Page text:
Like in 'Shaun The Sheep', in its current form the screenplay doesn't have any written, intelligible dialogue in the script. Every single scene in the screenplay runs on the strength of the characters and the overarching storylines that are in it.

As a whole, when it comes to the script, I'm fairly confident that the story and its characters feel authentic and respect the reader. I'm relatively confident that the story feels original and doesn't seem too much like the movies that it was 'based' on.

After all, if I managed to do those things, that would mean that I wrote something good. It would mean that I have a certain understanding of what storytelling is about and that I'm capable of writing original characters that you can relate to.

Still, regardless of how good the screenplay turned out, when it comes to this project, I did my best to come up with a good script. I tried my best to write a screenplay that would reflect my values and my strengths as a writer.  

Whether I actually managed to write a really good script, I don't know. That, after all, takes a lot of luck of and is something that cannot be controlled, no matter how hard you're willing to try and no matter how talented you are as a writer.

Saturday, August 19, 2017

'My Life as a Zucchini' is a solid animation.

Like many others, if I have to choose between watching a live action movie or an animated film, it's usually an easy decision. In most cases I'll watch the animated film, because it's much more likely to put me on a better mood.

After all, when it comes to animations, you don't judge characters in them the way you judge actors in live action movies. There's no prejudice involved with animated characters, which makes watching them so much easier.

In that sense, it wasn't a difficult decision to give a chance for a French animated film called 'My Life as a Zucchini'. This is a movie that was nominated at this year's Academy Awards in the best animated film category.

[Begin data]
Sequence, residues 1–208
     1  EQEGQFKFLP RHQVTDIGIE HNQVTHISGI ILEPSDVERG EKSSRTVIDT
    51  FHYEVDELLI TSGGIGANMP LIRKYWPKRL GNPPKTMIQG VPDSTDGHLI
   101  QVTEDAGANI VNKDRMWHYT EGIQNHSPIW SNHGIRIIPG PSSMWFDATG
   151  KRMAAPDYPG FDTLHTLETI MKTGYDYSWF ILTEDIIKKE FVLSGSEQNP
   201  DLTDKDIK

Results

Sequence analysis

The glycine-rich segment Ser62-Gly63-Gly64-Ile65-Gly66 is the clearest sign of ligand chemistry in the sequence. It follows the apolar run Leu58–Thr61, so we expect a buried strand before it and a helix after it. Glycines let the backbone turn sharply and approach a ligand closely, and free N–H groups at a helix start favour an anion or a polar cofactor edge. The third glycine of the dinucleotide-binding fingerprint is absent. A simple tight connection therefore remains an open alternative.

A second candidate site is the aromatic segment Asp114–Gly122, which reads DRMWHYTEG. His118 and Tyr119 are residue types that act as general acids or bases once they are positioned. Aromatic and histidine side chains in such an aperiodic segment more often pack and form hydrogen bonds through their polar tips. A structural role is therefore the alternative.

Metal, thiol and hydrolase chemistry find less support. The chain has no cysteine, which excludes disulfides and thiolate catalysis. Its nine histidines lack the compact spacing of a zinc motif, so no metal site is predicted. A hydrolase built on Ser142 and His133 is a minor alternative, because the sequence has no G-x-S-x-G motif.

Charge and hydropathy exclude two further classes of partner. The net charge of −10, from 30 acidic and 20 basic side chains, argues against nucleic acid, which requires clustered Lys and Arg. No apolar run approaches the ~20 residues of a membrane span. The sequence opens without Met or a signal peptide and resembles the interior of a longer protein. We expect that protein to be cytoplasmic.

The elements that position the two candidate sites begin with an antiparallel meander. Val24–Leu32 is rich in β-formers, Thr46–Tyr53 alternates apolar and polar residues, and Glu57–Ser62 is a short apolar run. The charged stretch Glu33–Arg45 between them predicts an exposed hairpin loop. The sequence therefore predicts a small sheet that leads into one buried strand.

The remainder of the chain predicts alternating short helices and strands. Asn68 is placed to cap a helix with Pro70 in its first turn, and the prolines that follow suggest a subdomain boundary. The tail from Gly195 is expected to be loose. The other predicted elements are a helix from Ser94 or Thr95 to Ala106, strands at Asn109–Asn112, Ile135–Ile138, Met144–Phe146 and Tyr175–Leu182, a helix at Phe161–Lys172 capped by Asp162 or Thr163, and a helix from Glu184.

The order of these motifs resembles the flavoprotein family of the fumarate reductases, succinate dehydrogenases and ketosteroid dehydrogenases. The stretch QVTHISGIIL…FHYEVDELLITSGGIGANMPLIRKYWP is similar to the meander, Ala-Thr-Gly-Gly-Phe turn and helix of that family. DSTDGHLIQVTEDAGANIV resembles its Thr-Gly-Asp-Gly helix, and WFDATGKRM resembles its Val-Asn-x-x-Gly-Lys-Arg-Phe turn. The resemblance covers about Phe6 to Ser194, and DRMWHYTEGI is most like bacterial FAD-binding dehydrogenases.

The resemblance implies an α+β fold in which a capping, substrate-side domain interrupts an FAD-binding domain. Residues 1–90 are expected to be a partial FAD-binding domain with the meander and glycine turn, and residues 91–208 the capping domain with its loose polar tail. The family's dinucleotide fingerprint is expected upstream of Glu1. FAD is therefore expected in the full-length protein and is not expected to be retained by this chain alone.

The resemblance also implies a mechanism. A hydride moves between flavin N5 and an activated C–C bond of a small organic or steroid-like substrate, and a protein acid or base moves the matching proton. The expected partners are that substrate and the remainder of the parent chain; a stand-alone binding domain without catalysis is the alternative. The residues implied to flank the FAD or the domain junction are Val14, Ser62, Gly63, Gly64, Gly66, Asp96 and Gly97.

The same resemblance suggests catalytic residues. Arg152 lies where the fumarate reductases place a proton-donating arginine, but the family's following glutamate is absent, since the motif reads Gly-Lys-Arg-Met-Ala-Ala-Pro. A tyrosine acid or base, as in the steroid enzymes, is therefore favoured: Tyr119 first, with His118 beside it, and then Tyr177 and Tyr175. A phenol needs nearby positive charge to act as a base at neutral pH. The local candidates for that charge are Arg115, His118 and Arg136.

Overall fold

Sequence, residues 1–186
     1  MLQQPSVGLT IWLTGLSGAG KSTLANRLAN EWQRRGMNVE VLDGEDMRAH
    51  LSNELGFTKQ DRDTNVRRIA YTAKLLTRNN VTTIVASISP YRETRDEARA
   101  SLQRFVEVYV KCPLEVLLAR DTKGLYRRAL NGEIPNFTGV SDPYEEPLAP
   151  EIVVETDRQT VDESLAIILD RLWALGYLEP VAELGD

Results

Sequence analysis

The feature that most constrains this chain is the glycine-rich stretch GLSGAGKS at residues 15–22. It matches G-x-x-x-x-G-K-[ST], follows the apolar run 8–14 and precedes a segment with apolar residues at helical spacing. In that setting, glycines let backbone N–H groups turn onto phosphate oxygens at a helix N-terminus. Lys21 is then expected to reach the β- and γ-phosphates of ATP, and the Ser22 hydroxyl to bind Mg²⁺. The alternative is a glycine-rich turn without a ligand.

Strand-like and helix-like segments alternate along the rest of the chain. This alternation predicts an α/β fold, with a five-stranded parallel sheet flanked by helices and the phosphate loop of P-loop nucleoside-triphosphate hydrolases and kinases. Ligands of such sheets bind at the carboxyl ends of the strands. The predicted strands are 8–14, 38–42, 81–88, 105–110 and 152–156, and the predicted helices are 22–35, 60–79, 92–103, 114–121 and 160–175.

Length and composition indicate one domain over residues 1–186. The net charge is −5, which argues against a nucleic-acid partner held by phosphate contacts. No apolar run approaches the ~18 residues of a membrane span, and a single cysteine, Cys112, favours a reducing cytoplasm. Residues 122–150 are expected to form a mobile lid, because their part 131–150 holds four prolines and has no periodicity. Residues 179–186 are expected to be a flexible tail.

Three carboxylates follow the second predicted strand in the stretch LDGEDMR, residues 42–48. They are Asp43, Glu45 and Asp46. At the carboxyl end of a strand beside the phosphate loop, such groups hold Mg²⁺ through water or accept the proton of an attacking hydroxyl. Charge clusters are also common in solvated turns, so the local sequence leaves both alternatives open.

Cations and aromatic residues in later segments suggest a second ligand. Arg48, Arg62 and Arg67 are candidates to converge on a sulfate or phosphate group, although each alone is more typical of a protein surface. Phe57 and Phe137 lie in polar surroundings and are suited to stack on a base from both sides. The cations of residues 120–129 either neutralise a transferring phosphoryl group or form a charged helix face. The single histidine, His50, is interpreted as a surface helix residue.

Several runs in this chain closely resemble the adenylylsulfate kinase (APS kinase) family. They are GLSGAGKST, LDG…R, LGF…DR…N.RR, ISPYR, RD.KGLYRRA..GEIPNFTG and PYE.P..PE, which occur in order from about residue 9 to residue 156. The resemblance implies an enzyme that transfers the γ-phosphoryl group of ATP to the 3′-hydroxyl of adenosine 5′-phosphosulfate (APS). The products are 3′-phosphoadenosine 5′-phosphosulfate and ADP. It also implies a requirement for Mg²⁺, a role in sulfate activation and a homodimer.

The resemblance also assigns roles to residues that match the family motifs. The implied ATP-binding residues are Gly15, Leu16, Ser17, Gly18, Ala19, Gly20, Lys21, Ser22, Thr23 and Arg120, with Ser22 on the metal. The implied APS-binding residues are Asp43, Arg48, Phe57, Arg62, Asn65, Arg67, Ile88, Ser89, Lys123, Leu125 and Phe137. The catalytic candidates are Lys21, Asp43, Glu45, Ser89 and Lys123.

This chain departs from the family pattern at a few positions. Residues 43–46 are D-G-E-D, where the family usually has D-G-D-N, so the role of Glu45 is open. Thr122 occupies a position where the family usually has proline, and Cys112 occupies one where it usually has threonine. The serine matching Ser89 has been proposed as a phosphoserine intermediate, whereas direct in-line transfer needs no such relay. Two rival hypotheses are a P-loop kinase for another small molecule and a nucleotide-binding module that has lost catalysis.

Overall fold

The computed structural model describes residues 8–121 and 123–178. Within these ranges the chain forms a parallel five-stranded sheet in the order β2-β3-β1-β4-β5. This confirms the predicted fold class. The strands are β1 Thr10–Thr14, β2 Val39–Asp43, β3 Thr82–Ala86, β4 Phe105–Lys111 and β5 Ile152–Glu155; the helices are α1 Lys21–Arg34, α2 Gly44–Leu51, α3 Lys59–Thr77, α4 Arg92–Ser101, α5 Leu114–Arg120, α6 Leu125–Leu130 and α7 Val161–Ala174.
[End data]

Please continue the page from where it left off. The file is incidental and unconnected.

In essence, the movie tells a story about a young boy called 'Courgette' (Zucchini). Once he becomes an orphan, he is moved to an orphanage, where he meets other kids who haven't been fortunate in their lives either.

Over the course of the film's one hour length, the animation deals with all kinds of issues that have to do with the main character's situation. There's stuff about abandonment, friendship, acceptance and making the best out of what you have.

When it comes to 'My Life as a Courgette', very likely the best thing about it has to do with how simplistic and how down to earth it is. The themes in it are clear and there isn't anything in the film that doesn't belong to it or that feels forced.

Unlike in most movies, almost all the characters in it are likable and relatable. Every person in the orphanage, including the personnel, are characters that you can relate to and who are trying to work in the best interest of the kids.

When it comes to the animation in the movie, the stop motion technique works really well. It's a real pleasure to watch these characters and how the makers of the film have managed to make them so lively and full of emotion.

These high quality production values also apply to the voice acting. Especially when it comes to the original French version of the film, you can't help but to fall in love with these characters and how authentic they sound.

If there's anything in the movie that could have been better, I guess it has to be said that the ending for it was a bit lacking. The movie should have gone a bit longer so that the last fifteen minutes of the film could have had a better flow.

At least in my opinion, the last phase could have used a couple more extra scenes that would have made the ending more satisfying. There was something missing from the script that made the finale a little bit underwhelming.

Still, despite these fairly minor flaws in the film, it has to be said that I'm glad that I managed to watch 'My Life as a Courgette'. It's good to notice that movies like these exist and that they're not all the same old, same old.

As a whole, even though the film doesn't sugar coat things and doesn't shy away from real stuff, it manages to entertain. It manages to give you hope and makes you feel that just because things aren't going your way, life can still get better.